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Recently just pick up about what linked list are. I notice that STL had list. Could anyone help me with these questions? Whats the different in them? If there is not different which one is better? and which one is faster? A simple example of stl::list for game? showing traversing through the list, adding and removing. thanks alot! ;)

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A custom implementation can be faster, but most people would recommend you stick with std::list because it's well tested, fast, and reliable. I share that opinion myself as well. Use std::list until you have proven it to be a problem with profiling(which is very unlikely to happen without misusing it).

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list<Sprite*> sprite;void add(Sprite *s){	sprite.push_front(s);}void draw_list(list<Sprite*> &l){	list<Sprite*>::iterator itr=l.begin();	while(itr!=l.end()){		Sprite *s =*itr;		s->draw();		++itr;	}}void draw(){	draw_list(sprite);}

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Whats the different in them?
One is already written by professionals, bug-free, portable, usable and optimized. The other is currently unwritten, and won't be bug-free, portable, usable and optimized unless you spend even more time doing it (assuming you can, which isn't necessarily the case).

If there is not different which one is better?
std::list is usually smaller in terms of memory, increases productivity by having a clean interface and interacting correctly with SC++L algorithms, and besides, it's already written.

and which one is faster?
Quite possibly std::list, unless you spend weeks optimizing your own.

showing traversing through the list, adding and removing.

std::list<int> list;// Addinglist.push_back(5);list.push_back(3);// Removinglist.remove(5);// Traversing by handfor(std::list<int>::iterator i = list.begin(); i != list.end(); ++i) {  std::cout << *i << " ";}// Traversing using the SC++Lstd::copy(  list.begin(),  list.end(),  std::ostream_iterator<int>(std::cout," "));

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In your example ^^, why are you doing ++i and not i++?

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Quote:
 Original post by _SigmaIn your example ^^, why are you doing ++i and not i++?

i++ returns the old value of i, which forces the compiler to create a copy of the object before doing the increment, and then returning the copy. This is pointless, unless you need the old value, which you don't.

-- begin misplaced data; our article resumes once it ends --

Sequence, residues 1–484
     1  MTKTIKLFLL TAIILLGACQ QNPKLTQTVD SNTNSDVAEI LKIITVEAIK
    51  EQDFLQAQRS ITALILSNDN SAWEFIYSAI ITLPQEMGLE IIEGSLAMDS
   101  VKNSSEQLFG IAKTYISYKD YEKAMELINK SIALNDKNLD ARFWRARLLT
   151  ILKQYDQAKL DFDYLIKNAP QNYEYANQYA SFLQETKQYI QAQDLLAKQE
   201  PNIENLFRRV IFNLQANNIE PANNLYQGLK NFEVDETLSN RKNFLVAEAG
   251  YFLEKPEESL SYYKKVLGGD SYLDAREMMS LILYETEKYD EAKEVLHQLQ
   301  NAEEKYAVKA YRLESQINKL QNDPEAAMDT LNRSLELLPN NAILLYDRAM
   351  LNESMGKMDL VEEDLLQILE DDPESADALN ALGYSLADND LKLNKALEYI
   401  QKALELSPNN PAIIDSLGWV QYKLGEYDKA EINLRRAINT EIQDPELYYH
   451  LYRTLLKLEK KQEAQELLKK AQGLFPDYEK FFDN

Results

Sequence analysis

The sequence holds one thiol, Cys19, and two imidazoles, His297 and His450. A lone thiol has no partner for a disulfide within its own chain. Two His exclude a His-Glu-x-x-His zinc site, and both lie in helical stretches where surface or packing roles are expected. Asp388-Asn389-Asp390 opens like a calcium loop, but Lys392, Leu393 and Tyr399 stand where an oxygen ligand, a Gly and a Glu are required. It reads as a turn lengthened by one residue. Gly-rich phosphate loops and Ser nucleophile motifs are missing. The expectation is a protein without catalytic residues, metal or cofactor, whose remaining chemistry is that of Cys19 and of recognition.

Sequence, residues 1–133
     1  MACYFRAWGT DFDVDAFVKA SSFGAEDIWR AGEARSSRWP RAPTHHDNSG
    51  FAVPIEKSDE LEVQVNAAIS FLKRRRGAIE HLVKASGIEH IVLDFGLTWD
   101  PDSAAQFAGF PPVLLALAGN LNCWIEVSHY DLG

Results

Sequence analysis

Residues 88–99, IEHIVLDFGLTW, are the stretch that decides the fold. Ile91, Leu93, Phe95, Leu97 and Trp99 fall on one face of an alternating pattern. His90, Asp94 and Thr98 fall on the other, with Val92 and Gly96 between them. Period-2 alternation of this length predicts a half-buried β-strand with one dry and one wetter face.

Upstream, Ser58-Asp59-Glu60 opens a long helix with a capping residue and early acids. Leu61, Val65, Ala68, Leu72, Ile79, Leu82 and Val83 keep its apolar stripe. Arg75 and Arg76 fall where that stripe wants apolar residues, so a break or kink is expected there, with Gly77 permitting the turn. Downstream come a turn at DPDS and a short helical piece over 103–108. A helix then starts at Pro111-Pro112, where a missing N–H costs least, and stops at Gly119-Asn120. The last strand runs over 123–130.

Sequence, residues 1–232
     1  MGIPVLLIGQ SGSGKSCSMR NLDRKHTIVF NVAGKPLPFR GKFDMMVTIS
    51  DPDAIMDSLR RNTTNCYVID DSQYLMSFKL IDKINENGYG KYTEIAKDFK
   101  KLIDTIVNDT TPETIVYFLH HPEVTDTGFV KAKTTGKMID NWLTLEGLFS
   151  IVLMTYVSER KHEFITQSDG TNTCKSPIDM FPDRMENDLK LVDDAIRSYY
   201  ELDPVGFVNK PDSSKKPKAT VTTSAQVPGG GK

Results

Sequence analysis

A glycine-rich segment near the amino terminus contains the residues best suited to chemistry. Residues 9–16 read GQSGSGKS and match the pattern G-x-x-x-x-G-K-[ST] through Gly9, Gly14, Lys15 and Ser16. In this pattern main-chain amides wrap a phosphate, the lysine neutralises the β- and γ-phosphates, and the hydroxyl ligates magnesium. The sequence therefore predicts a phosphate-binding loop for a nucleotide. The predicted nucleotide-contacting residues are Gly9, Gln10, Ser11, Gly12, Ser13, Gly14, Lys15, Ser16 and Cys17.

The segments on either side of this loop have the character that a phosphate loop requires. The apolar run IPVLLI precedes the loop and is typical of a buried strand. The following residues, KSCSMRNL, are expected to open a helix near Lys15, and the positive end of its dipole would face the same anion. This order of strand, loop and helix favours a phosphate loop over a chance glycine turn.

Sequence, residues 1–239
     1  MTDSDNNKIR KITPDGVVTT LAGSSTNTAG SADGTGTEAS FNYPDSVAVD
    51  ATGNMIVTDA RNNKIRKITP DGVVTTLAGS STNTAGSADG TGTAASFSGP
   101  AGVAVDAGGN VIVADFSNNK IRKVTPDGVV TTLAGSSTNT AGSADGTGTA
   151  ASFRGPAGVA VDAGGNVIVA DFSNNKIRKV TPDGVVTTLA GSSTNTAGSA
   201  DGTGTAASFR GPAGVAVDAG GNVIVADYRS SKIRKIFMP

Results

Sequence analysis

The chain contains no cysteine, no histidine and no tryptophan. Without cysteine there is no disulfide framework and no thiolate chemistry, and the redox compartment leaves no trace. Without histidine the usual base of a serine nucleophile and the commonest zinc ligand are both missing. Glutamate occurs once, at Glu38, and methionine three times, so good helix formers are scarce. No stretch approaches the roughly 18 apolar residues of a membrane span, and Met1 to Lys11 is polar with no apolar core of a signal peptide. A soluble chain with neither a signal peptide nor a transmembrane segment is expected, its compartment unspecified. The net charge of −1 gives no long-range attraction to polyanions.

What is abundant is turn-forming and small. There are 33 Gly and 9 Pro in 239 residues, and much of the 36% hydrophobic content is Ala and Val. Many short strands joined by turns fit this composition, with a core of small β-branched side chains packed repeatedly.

So, ++i increments the original and returns the new value, which does not require a copy. Saving a copy on complex types, such as iterators, is a good idea.

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Quote:
 Original post by _SigmaIn your example ^^, why are you doing ++i and not i++?

Postincrement involves the creation of a temporary to save the "current value" for ues in complex expressions.

In this case as the value returned from the increment operator is not being saved so using ++i is the same as using i++.

So basically its a small optimisation.

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Quote:
 Original post by rip-offIn this case as the value returned from the increment operator is not being saved so using ++i is the same as using i++.

Not really. Since the user may define i++ and ++i to do different things, the compiler is not allowed to substitute one for the other. And so, the postincrement code for the iterator will be executed, which may have an unusual effect, such as temporary creation.

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Also dont forget to check out std:vector! My fav for most uses personally... Also check if u singly or doubly.

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Quote:
Original post by ToohrVyk
Quote:
 Original post by rip-offIn this case as the value returned from the increment operator is not being saved so using ++i is the same as using i++.

Not really. Since the user may define i++ and ++i to do different things, the compiler is not allowed to substitute one for the other. And so, the postincrement code for the iterator will be executed, which may have an unusual effect, such as temporary creation.

Of course they can (the user making some custom class)[smile]

But im talking about us, client users of the SC++L. std::list::iterator::operator++ and std::list::iterator::operator++(int) are the same for our purposes (return values noted).

I'm not suggesting the compiler could allow such an optimisation, if the compiler could do such an operation then the whole point would be moot as no-one would care if you use ++i over i++ (again: unless the return value was important).

I don't know where you got that impression from my post [smile]